WICKED WAYS (1996), by Kate Hoffmann, is a Harlequin Temptation from back in the day when that was Harlequin's hottest line. (Amazon stocks used paperback copies, and the book has been re-released in Kindle.) As such, the cover illustration and title don't so much as hint at vampirism; you have to consult the blurb for that detail. It's not strictly a vampire romance, since the hero isn't the vampire, although several other characters suspect he is. Hoffmann crafts a lighthearted tale that plays with the burgeoning popularity of vampire fiction at that time. We don't learn whether there's actually one of the undead lurking around until near the end of the novel.
Heroine Hallie Tyler lives in the village of Egg Harbor, Maine, with her twin eighty-year-old great-aunts. They've converted the huge nineteenth-century family home into an inn. Perfectly content with a steady but not luxurious income, Hallie reacts with more dismay than delight when a horde of tourists descends on the town in response to a NEW YORK TIMES article about a Tyler ancestor's alleged vampirism. In response to the vampire-hunters, the curiosity seekers, and her aunts' enthusiastic promotion of the rumor, she insists it's all nonsense and wishes it would go away. A dark, ravishingly attractive man who calls himself Edward Tristan arrives one evening and rents the half-renovated coach house, since no regular rooms are vacant. At his initial appearance, numerous hints imply to the alert reader that he's a vampire. In the first chapter, though, we discover from scenes in his viewpoint that he is, in fact, Tristan Montgomery, a bestselling horror author of solitary, nocturnal habits, but completely human. He has come to Egg Harbor in search of an isolated spot in which to break the writer's block impeding his latest work in progress.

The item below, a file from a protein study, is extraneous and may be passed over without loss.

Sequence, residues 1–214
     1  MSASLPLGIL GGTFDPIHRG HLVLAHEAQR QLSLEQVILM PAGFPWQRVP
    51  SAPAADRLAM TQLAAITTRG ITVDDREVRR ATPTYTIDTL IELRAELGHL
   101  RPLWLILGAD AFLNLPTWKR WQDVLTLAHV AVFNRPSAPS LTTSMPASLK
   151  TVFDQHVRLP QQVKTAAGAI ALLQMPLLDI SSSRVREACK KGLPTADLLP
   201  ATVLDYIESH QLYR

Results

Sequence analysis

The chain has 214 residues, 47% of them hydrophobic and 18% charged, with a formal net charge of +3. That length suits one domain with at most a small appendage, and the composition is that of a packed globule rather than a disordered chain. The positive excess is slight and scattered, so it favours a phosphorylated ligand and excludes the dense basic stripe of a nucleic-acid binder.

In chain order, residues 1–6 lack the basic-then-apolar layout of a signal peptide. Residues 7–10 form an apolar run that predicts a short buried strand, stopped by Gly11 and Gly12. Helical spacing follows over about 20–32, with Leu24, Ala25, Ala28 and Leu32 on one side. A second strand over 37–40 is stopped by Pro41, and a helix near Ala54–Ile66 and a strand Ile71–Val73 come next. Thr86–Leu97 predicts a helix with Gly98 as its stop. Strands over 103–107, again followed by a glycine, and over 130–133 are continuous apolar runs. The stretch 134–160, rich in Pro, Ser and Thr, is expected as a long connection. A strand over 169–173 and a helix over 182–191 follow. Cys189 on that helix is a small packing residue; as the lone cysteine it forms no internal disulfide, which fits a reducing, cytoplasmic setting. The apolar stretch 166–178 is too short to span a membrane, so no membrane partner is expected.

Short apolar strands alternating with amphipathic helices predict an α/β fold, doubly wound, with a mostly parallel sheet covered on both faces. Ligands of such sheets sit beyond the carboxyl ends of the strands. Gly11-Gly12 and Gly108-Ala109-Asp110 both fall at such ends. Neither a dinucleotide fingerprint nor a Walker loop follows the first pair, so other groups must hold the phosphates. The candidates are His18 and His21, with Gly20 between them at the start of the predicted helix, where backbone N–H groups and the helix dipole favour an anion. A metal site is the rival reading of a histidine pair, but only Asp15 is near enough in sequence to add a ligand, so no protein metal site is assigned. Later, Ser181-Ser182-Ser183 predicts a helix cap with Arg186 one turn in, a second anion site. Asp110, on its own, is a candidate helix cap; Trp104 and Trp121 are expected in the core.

Since he comes out only after dark and doesn't eat the meals provided by the inn, Hallie's aunts quickly decide he must be a vampire, as does one of the visiting vampire-hunters. Hallie herself, struggling against an immediate, powerful attraction to Tristan, entertains the idea that they may be right, although her better judgment repeatedly dismisses the notion. Meanwhile, clues showing up near her ancestor's grave hint that a vampire may be stalking the neighborhood, even if it isn't Tristan. For Hallie, the last straw comes when the local authorities put on a vampire festival at Halloween, a severe blow to her desire for the village to remain unspoiled by tourist kitsch.
This novel requires the reader to accept two common tropes—instant, irresistible sexual magnetism between two characters who scarcely know each other and belief in vampirism by otherwise sensible, modern adults. For vampire fans who can embrace these assumptions, WICKED WAYS is a fun riff on the tropes of the genre.
Margaret L. Carter
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